By Jana Soeldner Danger
City & Shore PRIME Magazine
One in seven men in the United States is diagnosed with prostate cancer annually, and 30,000 die of it. Now, a new test that combines MRIs of the gland and transrectal ultrasound (TRUS) images makes it possible for doctors to identify prostate tumors more accurately and effectively.
In the past, TRUS has been the main method for diagnosing prostate malignancies. But because ultrasound is low resolution and produces little soft tissue detail, it can be challenging to identify tumors with it, especially small ones, says Dr. David Taub, director of urologic oncology at Lynn Cancer Institute at Boca Raton Regional Hospital. Ultrasound also targets the peripheral areas of the gland and can miss cancers located in the front, midline and top portions, he says.
So with TRUS alone, knowing where to place needles during a biopsy was difficult, and doctors used a kind of scattershot method to conduct what many clinicians call a “blind” procedure. “We would shoot 12 large needles from the rectum into the prostate in a random pattern,” says Dr. Alex Lewis, a radiologist at LCIBRRH. “It’s the only area of the body that we would biopsy without targeting. It’s been very difficult because of where the gland is located.”
How It Works
Dr. Taub compares the new technique to using a GPS to locate a destination instead of a paper map. The procedure works like this: A patient with an elevated level of Prostate Specific Antigen (PSA) first undergoes an MRI scan of his prostate. “The MRI is much higher resolution than ultrasound,” Dr. Lewis says.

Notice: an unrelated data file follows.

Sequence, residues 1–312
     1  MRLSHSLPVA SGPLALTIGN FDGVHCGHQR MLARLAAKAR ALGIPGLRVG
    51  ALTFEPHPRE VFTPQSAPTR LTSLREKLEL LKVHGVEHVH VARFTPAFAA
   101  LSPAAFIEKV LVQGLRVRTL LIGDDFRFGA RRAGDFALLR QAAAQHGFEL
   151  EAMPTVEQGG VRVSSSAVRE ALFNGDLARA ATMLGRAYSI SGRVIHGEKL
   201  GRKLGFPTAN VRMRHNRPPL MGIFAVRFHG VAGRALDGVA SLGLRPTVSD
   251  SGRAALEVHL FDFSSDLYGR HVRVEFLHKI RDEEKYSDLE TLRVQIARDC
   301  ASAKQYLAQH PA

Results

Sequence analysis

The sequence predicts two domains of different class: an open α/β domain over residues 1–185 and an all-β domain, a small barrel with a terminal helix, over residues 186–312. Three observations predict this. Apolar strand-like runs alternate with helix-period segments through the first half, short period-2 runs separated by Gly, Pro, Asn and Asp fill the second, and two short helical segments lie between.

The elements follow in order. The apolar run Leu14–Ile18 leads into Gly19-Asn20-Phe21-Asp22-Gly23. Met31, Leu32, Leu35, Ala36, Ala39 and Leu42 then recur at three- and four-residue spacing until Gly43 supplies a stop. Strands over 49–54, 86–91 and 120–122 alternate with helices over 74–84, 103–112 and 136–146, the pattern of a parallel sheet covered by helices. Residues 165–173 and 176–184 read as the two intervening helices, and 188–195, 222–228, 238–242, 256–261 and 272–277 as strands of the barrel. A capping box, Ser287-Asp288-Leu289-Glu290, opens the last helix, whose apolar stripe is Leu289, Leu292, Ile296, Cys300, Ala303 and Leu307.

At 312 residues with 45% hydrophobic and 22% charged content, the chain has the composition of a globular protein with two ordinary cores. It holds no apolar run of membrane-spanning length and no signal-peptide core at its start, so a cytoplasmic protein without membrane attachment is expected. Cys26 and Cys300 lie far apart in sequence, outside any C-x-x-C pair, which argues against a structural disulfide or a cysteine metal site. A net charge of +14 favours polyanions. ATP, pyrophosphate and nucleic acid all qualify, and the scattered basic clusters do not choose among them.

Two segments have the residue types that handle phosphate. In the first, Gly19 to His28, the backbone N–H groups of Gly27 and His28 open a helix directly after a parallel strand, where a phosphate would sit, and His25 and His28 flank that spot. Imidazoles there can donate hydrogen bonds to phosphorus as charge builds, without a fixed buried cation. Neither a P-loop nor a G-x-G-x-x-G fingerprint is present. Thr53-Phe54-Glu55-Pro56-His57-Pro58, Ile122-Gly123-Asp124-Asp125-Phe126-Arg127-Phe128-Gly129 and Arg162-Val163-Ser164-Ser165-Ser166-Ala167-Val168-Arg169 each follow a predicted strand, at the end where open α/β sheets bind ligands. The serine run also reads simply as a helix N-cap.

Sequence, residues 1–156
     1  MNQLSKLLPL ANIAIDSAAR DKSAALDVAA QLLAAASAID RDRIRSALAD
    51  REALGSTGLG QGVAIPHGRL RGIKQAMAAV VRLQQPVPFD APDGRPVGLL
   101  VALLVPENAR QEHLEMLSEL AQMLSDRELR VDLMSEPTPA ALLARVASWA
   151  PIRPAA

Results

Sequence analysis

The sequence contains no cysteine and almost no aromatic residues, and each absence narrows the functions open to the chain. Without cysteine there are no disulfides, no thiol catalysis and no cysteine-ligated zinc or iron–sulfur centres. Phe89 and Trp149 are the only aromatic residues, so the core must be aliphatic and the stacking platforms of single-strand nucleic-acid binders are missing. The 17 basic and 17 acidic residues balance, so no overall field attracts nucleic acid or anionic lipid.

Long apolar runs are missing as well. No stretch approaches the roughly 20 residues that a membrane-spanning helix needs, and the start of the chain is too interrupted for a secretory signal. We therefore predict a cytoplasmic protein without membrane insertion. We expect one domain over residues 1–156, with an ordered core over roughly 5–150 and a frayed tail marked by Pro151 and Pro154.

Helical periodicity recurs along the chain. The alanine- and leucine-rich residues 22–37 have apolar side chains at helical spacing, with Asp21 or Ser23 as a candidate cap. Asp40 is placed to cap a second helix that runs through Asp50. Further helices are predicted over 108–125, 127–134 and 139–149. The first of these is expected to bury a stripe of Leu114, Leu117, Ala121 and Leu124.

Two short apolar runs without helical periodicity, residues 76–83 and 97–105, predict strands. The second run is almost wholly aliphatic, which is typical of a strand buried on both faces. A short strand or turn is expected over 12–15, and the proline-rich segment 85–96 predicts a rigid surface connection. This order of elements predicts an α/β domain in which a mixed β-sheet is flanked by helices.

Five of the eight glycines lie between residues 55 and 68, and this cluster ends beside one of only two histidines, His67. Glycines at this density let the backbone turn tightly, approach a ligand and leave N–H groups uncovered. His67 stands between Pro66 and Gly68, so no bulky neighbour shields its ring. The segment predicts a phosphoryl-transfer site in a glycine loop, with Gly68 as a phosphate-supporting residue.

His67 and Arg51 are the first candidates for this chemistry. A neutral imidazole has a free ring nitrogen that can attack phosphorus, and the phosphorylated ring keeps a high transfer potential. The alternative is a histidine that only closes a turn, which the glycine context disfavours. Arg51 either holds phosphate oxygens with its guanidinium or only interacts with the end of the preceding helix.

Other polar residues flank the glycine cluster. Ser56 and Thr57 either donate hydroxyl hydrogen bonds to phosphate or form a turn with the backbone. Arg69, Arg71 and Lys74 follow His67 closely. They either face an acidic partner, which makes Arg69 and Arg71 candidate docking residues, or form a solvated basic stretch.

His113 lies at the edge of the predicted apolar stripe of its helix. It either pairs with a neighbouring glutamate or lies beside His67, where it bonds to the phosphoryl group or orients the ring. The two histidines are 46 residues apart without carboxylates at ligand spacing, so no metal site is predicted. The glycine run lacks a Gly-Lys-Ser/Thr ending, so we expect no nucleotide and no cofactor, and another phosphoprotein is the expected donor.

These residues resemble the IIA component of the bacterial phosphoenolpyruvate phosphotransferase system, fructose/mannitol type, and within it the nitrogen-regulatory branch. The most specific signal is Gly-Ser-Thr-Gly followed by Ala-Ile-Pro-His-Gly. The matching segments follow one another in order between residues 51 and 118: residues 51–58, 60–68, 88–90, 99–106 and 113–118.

If doctors decide a biopsy is necessary, the image is uploaded to a robot, which links the MRI to images obtained in real time with an ultrasound probe. With these detailed, 3D views of the gland, the doctor uses the robot to send the biopsy needle directly to the suspicious area.
Among other benefits, the technique helps to avoid unnecessary biopsies. Nearly all the targeted prostate biopsies done at BRRH have been positive for cancer, while with the previous method, only about 10 percent were positive, Dr. Lewis says.
The technique provides an effective diagnostic option for patients with rising PSA values who have had previous negative biopsies, and it can reduce the number of biopsies for patients with small, slow-growing lesions that are being managed with “active surveillance,” or careful monitoring, rather than immediate treatment with surgery or radiation.
“It’s a huge improvement,” Dr. Taub says, “It allows us to avoid biopsies in some people and in others, to target a specific spot.”
Dr. Lewis likens the new procedure to breast cancer imaging. “It’s like a mammogram for men,” he says. “We now have a screening test for men that’s as good or better than mammography is for women.”